LPA Portable Dialog Manager

This document describes the Portable Dialog Manager (PDM) toolkit which is available for WIN-PROLOG, MacProlog and Quintus Prolog. The PDM provides a platform-independent interface between Prolog programs and the host machine's graphics user interface (GUI) dialog subsystem. Programs written with the PDM are directly portable between the Windows, Macintosh and Quintus Prolog platforms.


The Portable Dialog Manager provides the following benefits:

  • Supported by three Prolog implementations: WIN-PROLOG, Quintus Prolog and MacProlog32, giving portability across different hardware platforms, operating systems and GUI drivers.
  • Straightforward transfer across implementations due to total compatibility at both source-code and target-code levels.
  • Short development time through dialog generation from the minimum of detail and automatic placement of control items using a 'best fit' algorithm.
  • Quick re-design of dialog layouts using relative rather than absolute control item locations.
  • Personalised source terminology enabled by the ability to declare 'house presentation styles', and an extensible language for user-defined expressions.
  • Comprehensive set of examples including a generic database front-end builder and front-ends to ORACLE and Prolog stock databases.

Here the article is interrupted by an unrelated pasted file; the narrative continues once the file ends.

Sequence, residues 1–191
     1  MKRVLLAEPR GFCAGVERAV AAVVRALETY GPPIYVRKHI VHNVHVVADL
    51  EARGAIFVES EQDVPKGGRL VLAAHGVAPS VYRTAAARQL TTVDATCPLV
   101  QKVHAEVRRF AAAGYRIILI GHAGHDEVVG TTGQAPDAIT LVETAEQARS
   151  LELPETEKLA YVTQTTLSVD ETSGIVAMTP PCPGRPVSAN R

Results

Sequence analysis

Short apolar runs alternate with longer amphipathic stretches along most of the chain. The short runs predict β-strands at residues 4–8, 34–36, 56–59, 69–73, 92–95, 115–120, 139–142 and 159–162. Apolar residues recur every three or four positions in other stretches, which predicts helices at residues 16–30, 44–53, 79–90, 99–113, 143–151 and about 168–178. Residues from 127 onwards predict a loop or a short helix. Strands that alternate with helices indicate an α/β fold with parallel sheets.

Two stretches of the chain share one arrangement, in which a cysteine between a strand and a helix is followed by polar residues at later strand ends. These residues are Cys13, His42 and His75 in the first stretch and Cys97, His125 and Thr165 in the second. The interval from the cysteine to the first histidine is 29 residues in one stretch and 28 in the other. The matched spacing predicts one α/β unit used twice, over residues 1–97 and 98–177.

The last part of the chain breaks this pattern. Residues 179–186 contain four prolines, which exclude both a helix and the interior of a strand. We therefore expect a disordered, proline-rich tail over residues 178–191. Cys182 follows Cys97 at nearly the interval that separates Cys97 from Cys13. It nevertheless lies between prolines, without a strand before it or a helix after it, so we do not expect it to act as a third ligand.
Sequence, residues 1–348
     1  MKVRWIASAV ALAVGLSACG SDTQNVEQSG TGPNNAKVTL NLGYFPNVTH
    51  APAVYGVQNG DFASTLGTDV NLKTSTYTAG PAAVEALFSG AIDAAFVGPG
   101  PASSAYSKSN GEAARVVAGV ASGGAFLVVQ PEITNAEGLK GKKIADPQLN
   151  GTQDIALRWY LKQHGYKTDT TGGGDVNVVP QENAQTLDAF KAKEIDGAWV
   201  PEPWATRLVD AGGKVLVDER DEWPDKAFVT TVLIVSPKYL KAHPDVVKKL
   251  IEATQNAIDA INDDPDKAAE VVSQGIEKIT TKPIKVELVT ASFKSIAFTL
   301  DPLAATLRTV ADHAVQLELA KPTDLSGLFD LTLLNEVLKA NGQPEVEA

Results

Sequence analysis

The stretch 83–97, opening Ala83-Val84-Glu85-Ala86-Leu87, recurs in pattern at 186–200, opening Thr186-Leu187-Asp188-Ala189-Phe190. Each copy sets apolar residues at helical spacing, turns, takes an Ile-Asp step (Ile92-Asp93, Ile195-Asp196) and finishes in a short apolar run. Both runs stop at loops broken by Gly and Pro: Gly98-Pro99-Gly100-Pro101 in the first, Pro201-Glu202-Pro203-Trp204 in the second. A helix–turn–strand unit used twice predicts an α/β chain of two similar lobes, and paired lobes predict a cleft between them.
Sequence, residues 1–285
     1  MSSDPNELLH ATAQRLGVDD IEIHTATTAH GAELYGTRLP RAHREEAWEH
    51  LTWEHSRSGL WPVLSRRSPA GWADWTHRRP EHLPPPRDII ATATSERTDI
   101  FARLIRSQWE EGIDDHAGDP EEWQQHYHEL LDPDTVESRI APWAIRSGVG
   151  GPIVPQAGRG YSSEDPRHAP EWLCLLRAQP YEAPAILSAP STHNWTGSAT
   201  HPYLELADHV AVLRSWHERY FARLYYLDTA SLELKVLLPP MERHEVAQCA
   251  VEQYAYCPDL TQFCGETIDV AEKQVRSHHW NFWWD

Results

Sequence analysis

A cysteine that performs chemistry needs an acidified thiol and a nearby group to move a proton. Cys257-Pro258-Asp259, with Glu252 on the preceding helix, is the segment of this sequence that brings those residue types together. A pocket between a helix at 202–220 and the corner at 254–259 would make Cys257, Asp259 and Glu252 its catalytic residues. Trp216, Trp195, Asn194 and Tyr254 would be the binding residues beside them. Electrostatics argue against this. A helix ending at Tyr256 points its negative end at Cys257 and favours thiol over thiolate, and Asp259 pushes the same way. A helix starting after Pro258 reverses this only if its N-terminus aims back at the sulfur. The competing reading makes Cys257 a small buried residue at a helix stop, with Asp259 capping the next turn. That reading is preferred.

The Portable Dialog Manager has the following features:

  • Different modes of invoking dialogs: Modal dialogs for presenting and gathering information; Modeless dialogs for activating processes.
  • Comprehensive set of control items: push buttons to control dialog behaviour; various forms of text fields including editable, non-editable, scrollable and non-scrollable; multiple choice lists presented as either scrollable list boxes or a grid of toggle buttons; single-choice lists presented as either scrollable list boxes, popup list boxes, or a grid of radio buttons; non-functional picture fields for displaying icons and bitmaps.
  • Attachment of Prolog-defined callback procedures to any combination of control fields: four pre-defined terminations - close, true, fail and abort; conditional termination used in password-style dialogs; mnemonic referencing of fields within callback procedures; continuous dialogs with general field updates; enabling and disabling of control fields.
  • Compile time programming hooks: abstraction of 'house presentation styles' (plain or based on other styles); horizontal and vertical gaps between adjacent fields simply controlled by the programmer; programmer-defined synonyms allow the use of their own terminology in source texts.